Choo Choo! Pajama Jam @MVPublicLibrary and CAC CAC! Customer Acquisition Cost!
I was pretty sad tonight at Pajama Jam at the Mountain View Public Library; it’s the last session we have planned, though this has been another very successful set of storytimes. Many of the families who attended asked if we would please offer it again, but I didn’t have any dates to give them. I understand from the parent’s point of view; reliable, ongoing, drop-in programming is generally better for busy schedules. I also understand from the library’s point of view; budgets, space and staff time are in short supply and we do the best with what we can to serve the most people in our communities. There is the issue of audience size, too. A room full of 40, 75 or even 100 people, half of whom are approximately 2 years old, can be very difficult to manage for not only the facilitator, but the parents as well. Offering more regular, drop in programs would bring down the numbers in each of the programs, offer families options for times and days, but also brings back families who are scared away by large groups. The quality of the experience for the end user (the families) goes up, and they’re more likely to return, tell their friends, and acquire new customers for the library.
As I begin to bridge the gap between the public and private sectors it is more and more clear to me that libraries DO need to view the resources and services they offer (storytime included) as products to be marketed in order to stay relevant in today’s rapidly changing media market (and YES! the library is a part of the media market, which is completely tossed on its ear right now and thus offers huge opportunities for innovative children’s librarians!)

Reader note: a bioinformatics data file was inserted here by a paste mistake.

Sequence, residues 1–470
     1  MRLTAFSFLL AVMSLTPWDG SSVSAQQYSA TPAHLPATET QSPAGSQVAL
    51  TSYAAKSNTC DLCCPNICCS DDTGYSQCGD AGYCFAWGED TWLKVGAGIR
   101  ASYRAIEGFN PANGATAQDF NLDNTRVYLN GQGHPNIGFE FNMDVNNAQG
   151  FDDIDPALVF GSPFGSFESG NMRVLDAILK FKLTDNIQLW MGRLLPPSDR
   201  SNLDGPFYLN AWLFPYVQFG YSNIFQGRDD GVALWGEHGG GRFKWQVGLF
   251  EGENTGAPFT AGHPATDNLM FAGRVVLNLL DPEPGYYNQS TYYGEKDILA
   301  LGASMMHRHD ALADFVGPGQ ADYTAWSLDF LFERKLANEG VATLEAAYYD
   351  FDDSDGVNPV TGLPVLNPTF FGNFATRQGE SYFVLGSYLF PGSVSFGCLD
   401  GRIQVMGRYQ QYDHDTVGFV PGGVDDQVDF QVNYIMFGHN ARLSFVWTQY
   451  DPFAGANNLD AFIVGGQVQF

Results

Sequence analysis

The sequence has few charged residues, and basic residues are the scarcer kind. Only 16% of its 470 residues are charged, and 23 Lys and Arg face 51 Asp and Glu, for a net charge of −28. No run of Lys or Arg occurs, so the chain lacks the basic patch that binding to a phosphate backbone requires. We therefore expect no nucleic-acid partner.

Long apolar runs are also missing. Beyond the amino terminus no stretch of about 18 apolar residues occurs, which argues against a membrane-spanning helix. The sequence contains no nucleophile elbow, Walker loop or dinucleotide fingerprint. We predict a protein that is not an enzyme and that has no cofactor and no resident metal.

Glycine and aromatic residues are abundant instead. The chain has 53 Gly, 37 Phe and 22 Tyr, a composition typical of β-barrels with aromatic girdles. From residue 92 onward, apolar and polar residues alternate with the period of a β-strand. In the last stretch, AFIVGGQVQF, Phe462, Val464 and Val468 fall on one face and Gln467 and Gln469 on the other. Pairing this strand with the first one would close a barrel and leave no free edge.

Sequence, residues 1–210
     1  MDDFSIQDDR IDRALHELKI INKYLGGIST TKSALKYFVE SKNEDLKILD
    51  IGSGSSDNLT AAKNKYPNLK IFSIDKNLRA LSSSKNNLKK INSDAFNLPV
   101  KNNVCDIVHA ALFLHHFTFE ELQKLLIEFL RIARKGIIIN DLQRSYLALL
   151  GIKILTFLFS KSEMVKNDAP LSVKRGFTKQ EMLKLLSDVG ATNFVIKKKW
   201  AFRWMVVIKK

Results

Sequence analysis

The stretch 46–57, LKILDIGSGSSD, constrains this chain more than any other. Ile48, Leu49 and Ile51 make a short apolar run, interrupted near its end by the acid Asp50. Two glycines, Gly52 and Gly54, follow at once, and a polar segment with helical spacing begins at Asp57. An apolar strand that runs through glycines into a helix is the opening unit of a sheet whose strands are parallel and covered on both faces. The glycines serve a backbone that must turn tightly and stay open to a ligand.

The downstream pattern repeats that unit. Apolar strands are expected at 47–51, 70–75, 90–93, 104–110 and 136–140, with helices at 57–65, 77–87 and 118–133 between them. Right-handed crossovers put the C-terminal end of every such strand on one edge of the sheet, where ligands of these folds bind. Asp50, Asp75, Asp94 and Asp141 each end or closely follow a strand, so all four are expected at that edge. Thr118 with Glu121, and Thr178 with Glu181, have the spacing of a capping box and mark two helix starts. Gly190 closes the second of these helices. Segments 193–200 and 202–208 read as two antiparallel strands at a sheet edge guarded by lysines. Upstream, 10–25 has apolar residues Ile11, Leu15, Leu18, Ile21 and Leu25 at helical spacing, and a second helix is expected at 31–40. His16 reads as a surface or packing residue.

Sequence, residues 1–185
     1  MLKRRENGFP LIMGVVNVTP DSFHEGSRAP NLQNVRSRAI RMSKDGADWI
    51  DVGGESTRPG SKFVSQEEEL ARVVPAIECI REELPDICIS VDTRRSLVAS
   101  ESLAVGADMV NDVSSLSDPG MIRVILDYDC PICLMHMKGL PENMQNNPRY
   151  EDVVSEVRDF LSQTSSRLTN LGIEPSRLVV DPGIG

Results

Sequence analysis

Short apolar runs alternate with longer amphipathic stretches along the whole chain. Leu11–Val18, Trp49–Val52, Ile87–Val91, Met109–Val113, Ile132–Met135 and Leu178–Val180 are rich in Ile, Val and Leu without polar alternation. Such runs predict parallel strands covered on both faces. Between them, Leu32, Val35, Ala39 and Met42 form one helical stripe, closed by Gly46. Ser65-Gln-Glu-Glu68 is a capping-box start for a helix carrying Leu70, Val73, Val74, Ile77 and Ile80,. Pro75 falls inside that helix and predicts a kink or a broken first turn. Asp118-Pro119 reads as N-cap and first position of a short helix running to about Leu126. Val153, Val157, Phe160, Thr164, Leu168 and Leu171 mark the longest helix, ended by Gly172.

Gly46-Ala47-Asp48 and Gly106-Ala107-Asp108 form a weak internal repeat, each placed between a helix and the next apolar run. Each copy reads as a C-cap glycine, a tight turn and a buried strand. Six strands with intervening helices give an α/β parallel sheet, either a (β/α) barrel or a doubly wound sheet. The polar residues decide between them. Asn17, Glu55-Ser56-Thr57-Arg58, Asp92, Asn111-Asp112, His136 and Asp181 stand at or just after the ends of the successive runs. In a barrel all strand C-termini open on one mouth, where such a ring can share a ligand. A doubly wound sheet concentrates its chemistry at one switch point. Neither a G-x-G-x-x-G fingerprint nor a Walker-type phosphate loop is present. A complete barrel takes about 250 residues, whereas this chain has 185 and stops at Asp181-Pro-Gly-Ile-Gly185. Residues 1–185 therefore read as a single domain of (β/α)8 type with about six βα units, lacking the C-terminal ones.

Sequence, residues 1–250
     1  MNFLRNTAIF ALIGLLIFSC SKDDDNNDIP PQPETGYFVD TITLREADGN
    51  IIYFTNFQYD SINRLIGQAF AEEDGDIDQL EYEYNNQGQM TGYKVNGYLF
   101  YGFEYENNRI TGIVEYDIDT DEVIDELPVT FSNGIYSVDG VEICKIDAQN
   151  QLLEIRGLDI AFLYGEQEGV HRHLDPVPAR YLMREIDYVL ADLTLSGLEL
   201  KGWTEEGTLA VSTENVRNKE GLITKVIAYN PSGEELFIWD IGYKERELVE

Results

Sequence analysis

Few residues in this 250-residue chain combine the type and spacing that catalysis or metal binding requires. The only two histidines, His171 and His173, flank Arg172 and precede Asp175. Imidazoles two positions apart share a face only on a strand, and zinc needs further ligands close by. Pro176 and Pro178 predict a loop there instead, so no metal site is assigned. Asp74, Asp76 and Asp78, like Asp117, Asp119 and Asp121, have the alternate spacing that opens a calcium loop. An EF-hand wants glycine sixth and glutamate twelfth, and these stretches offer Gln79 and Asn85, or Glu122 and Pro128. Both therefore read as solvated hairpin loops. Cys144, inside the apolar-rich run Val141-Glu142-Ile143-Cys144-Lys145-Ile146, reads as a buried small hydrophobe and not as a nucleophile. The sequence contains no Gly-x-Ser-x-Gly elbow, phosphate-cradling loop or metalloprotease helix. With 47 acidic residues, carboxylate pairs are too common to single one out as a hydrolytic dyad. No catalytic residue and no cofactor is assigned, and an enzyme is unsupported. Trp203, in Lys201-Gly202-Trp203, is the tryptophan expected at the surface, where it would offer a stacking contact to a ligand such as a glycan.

The staff time you put into developing more programming is a long-term Customer Acquisition Cost (CAC). The kids you delight and inspire at storytime will develop fond memories of being at the library, their parents will be likely to bring their kids back, everybody will be more willing to vote for library supporting bond measures should they arise, and you achieve what *should* be your goal as a children’s librarian; to offer the highest quality services, collections and programs to the most people in the community you serve.
Tonight’s storytime was designed with the customer in mind: 2-5 year olds and their families (we had 40 people total). And what do 2-5 year olds and their families love? That’s right. Trains.
Feedback from last week
Used TV sitting on table instead of brightboard attached to stand and fiddled with the settings until the image took up the entire screen (it was a little stretched, but I don’t think anyone noticed)
What I did
Come and Follow Me (Recorder)
Storytime Rules (Sit with your kids, Sing, turn off phones, save snacks til later)
Early literacy tip: Phonological awareness: smaller parts of language. Playing with sounds helps your child to figure out how sounds work together in the language you speak with them.
Wiggle my fingers
Book: Down by the Station (I sang this and got them all to pull the lever and go “toot toot!”)
Fingerplays: Here’s a little bunny
Felt Board: This train is going to the city (see image!)
Book: Freight Train
Fais Do Do (lyrics on Smoothie Felt Board/Keynote)
Book: Morningtown Ride
**At this point I looked at the clock and realized we’d only used 20 of our 30 minutes (one of my struggles is getting really excited and going too fast through the material), and I was going to bring out my felt board again and do some more chugga chugga chooing, but one of the regulars piped up and said “Let’s sing I’ve been working on the railroad!” At which point we all stood up, slapped our knees and had the best darned singalong I’ve had since summercamp. With all the buzzing around I do going from venue to venue to workshop to webinar, I miss the regularly and sweetness of getting to know a storytime group and working WITH them to create a fun, inspirational early literacy program.**
Clap up high goodbye rhyme
What I used